Hauser received his PhD. In Computer Science at Stanford University and won the CAREER award last year from the National Science Foundation.

The research centers mostly around a mathematical framework that can mine existing data to detect patterns. What this means for healthcare is that computers could access a patients complete medical records and suggest a treatment plan that wouldn’t conflict with any past conditions.

One of the obstacles in getting this framework to be effective is the lack of uniformity in hospitals nationwide with their electronic record keeping. Hauser says that until the historical quirks get worked out, they have to work very closely with their data providers to be able to use the data. Once it becomes easier to access the data, the machine learning framework will be able to access more and more data to make more complex treatment plans.

“You can’t really see a pattern unless you have enough data,” Hauser says, “So that’s what the A.I. is trying to do, look at patterns in the data to try and predict how new patients will behave. The more data you get, the more of a complete picture you get of a new patient. While every person is, to some extent, unique, there are some patterns as well in how your disease is progressing and how you might respond to a treatment. The more people we have like you as a patient, the better our predictions will be.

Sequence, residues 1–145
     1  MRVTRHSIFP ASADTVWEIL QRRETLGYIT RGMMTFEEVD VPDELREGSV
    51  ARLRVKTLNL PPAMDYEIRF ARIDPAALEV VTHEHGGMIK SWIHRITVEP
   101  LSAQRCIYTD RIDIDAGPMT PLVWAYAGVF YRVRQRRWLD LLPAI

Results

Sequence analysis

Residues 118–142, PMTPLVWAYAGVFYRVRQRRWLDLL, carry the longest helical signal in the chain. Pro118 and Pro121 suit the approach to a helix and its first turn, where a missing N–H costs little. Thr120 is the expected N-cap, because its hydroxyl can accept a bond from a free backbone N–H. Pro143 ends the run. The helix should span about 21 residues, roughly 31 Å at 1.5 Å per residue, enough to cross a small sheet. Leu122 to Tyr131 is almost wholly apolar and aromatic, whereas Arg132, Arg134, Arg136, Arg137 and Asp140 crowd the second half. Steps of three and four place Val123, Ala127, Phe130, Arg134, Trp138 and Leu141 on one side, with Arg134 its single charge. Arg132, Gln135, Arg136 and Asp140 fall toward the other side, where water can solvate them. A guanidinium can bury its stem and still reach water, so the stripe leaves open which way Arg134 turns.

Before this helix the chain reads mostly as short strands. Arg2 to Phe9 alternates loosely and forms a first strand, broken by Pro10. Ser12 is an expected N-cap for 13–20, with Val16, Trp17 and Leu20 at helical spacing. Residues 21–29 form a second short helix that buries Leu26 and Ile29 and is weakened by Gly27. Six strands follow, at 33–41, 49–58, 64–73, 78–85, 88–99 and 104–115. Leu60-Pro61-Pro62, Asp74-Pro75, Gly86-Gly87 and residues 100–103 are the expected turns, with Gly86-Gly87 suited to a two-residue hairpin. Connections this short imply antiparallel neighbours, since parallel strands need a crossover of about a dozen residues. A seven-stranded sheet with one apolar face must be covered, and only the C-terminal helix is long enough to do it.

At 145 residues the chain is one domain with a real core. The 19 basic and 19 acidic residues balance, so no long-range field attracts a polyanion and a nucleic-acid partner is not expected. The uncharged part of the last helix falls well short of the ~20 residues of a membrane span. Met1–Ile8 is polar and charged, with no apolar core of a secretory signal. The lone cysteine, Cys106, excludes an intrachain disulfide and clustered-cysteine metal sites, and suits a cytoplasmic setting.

The other Principal Investigator of the research, Sriraam Natarajan, has worked closely with data in the fields of artificial intelligence and its application to bio-medical problems. He explains how this data mining and learning is something we see in our daily lives and that it could easily be harnessed to use in healthcare.

“I think that many people do not clearly see the impact data can have on their day-to-day lives,” Natarajan says, “Of course they see it when Google uses their data to better provide a service, like giving better search results for a movie to watch or a product to buy. I feel that the impact could be similar in terms of healthcare where data can aid in improving the quality of life and treatments, and hopefully lower the costs.”